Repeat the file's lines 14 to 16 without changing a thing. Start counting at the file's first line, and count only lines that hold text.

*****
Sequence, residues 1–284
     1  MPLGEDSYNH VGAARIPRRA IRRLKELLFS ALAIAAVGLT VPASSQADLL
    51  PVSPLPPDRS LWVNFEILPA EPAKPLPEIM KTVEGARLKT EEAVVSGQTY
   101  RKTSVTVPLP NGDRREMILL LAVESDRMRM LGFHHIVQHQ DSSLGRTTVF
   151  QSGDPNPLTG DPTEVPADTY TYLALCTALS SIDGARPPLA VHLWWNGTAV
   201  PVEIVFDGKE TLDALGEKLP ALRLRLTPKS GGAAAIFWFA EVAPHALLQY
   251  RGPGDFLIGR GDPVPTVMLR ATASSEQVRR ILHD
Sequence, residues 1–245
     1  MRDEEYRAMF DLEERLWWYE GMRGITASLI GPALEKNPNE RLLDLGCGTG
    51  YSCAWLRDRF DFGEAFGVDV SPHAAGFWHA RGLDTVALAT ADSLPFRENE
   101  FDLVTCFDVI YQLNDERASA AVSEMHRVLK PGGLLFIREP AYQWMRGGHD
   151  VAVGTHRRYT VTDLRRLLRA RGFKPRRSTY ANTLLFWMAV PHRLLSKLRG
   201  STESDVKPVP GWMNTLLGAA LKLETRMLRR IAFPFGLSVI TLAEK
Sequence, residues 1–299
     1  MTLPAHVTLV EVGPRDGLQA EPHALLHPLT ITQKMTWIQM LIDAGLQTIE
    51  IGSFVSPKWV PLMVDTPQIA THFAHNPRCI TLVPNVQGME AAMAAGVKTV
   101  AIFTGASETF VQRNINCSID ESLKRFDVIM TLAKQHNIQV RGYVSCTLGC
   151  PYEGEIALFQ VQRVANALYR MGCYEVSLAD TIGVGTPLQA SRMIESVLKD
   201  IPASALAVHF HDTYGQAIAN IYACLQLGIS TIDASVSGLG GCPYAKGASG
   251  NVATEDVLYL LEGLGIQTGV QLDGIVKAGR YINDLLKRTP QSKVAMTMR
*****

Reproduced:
Sequence, residues 1–299
     1  MTLPAHVTLV EVGPRDGLQA EPHALLHPLT ITQKMTWIQM LIDAGLQTIE
    51  IGSFVSPKWV PLMVDTPQIA THFAHNPRCI TLVPNVQGME AAMAAGVKTV